Adventure styled Zero DS is also available with similar specs and price.

Honda ST125 DAX

From one extreme to the other, the Honda ST125 DAX is about as far away from a Zero as you can get.

Honda has always been expert in building small ‘monkey’ bikes. Originally developed in the 1960s, these motorcycles were designed to be thrown into the back of a camper van – giving the owner a small but still usable machine to get around on at their destination.

They rebooted the idea 10 years ago with the first Grom, a three-quarters size 125 that was small in stature but big on personality. It was joined by the more retro Monkey in 2018 and this, the DAX, a couple of years ago.

The DAX moniker comes from the bike’s apparent likeness to a dachshund dog. It is quirky, relatively inexpensive and amazing fun on short runs. These fun sized Hondas have a real cult following, as likely to be owned as second or third bikes by seasoned bikers as they are by 17-year-olds getting their first set of wheels, and this broad appeal and community is a big part of the charm. There’s also a huge custom scene with these bikes, with modifications being commonplace among the community.

The spec is nothing to write home about but there’s enough contemporary tech to make them suitable for modern riding, for example you get LED lights, ABS braking and an LCD dashboard. It costs £3,799 and will put a smile on your face every time you ride it. We reviewed one recently and you can read what we had to say here.

Yamaha RayZR


Yamaha RayZR


New to Yamaha’s already huge range of learner legal machines for 2024 is the RayZR.

It’s not a new design, having been available in India (where it is made) since 2016, but it gives Yamaha a low cost product that could well give a bloody nose to the likes of Lexmoto and Sinnis. At £2,300, it offers big brand reassurance and dealer network at the kind of price expected from the Chinese manufacturers.

Like Suzuki’s Indian built 125s, the spec is low. The air-cooled motor makes 9bhp and there’s very little tech to speak of. The key thing, in addition to the price, is the low weight of just 99kg. Combined with its small wheels, the RayZR promises to be super agile in the city while having (just about) enough go for occasional forays out on the open road.

Its practical, with enough onboard storage for two helmets, and should be cheap to run, with a claimed 150mpg. 

Kawasaki Z125


kawasaki z125


Just like Suzuki and Yamaha, Kawasaki do good business making 125s in the style of their flagship superbikes and supernakeds.

The faired Ninja 125 and naked Z125 have been staples of the Kawasaki range for a good while now. They look great and undercut offerings from the other Japanese manufacturers in terms of price with this, the Z125, starting from £4,299.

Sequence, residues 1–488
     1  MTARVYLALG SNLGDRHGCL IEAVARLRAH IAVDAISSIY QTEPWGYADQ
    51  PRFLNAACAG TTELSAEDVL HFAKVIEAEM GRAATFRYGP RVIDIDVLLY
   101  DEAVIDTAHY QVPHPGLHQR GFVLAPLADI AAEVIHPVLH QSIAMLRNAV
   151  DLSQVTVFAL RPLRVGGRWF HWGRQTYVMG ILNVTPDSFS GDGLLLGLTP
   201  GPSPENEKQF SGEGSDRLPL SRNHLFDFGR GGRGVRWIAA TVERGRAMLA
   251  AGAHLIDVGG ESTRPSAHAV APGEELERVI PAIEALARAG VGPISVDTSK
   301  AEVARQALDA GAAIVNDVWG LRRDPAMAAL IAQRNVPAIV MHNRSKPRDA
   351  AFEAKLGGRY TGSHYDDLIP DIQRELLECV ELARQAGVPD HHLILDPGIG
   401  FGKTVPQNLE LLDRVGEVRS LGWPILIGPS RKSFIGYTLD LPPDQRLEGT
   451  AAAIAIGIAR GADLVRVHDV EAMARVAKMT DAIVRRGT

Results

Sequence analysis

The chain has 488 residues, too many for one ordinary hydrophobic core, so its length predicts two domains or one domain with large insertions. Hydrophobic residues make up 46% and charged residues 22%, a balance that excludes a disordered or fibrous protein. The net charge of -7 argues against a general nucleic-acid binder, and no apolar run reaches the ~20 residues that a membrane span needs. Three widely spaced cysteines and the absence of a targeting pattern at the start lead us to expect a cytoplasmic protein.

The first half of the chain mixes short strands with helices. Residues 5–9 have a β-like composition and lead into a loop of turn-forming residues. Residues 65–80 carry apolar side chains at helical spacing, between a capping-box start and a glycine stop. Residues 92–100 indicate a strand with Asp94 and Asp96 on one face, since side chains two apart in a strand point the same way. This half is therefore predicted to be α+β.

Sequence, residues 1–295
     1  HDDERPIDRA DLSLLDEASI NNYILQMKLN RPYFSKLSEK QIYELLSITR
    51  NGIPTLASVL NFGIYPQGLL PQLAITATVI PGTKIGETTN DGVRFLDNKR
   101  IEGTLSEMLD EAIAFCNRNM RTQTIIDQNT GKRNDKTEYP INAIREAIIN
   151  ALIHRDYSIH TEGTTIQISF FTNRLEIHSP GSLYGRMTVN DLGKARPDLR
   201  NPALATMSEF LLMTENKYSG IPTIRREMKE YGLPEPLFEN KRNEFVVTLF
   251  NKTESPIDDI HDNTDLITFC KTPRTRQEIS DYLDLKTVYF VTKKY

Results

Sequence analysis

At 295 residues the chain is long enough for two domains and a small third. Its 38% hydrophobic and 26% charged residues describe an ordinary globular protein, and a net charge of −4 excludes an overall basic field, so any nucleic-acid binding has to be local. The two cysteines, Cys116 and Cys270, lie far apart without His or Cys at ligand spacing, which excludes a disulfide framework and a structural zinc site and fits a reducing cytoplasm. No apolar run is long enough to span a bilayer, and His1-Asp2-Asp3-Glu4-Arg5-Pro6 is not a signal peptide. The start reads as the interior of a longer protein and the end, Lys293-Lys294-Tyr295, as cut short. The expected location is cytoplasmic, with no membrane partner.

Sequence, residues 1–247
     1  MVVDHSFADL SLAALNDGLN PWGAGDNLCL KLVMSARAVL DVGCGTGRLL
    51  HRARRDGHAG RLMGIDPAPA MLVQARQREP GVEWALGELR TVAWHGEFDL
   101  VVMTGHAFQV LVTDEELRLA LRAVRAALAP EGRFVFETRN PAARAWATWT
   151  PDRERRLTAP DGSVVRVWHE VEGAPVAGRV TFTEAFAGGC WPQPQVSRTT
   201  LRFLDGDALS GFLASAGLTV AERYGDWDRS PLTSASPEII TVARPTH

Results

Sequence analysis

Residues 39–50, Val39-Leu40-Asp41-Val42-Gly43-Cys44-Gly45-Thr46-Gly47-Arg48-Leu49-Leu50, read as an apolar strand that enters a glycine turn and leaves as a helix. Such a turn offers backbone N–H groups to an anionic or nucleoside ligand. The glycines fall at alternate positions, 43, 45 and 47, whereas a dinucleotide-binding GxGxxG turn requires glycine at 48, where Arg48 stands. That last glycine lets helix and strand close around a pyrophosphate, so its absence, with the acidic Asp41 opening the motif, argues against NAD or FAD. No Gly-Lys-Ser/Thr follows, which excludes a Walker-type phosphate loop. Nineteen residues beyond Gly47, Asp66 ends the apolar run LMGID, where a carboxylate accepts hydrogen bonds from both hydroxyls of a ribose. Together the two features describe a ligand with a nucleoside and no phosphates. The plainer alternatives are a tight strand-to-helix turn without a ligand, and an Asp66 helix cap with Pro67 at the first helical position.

While the spec isn’t quite at the level of some competitors, it delivers the full 11kw allowed under licence laws and is absolutely on point when it comes to the styling. Like most 125s it has a low seat height and manageable weight, however the Z125 also has a low seat option to reduce saddle height by 25mm to 790mm. Add in a narrow waistline, standard ABS brakes and you have a very easy to ride machine which has more presence than a typical 125.

None of these five take your fancy? Here’s five more you might want to think about…

KTM Duke 125: No matter the category of the bike, KTM are renowned for making some of the highest specced and most aggressively styled machines around. The 125 range is no exception, and the streetfighter styled Duke is among the very best 125s you can buy today. You could also consider the sportier, faired, RC 125 and the Husqvarna Svartpilen and Vitpilen, which all share the same high-tech platform.

Yamaha YZF-R125: Like KTM, Yamaha make a whole range of bikes around their sporty 125cc platform. Also, like KTM, it’s at the highest end of the market. The ever-popular YZF-R125 is the race replica style machine, but if that isn’t to your tastes the naked MT-125 and retro XSR125 all share the same excellent variable valve timing engine.

Honda PCX125: Honda’s 125cc range is huge, with something for almost everyone. This covers really basic stuff like the Vision 110 and CB125F, two staples of the rider training industry, through to the high end CB125R and Forza 125 scooter. But don’t forget the best-selling PCX125, which along with the Yamaha NMAX regularly shares top spot in the UK sales chart. You can read a full review here.

Lexmoto LS-N: Devon based Lexmoto has been making some waves in the marketplace for the past decade or so. Initially importing Chinese machines and backing them up with good spares and service back-up, the company has evolved. Although they still import Chinese machines, the range is far more comprehensive. There are still some cheap and cheerful run arounds but bikes like this range topping LS-N have the kind of spec and styling you’d expect from an established brand, for a fraction of the price.

Herald Brat 125: There are quite a few niche motorcycle manufacturers selling cool retros at bargain prices. Much like competitors Mutt and Mash (among others) Herald take Chinese build motorcycles as their base, before giving them a new ‘factory custom’ look. The engines are well proven designs, based on Japanese bikes from decades ago. They look cool, go well and the Brat is currently retailing at £2,795. What’s not to like?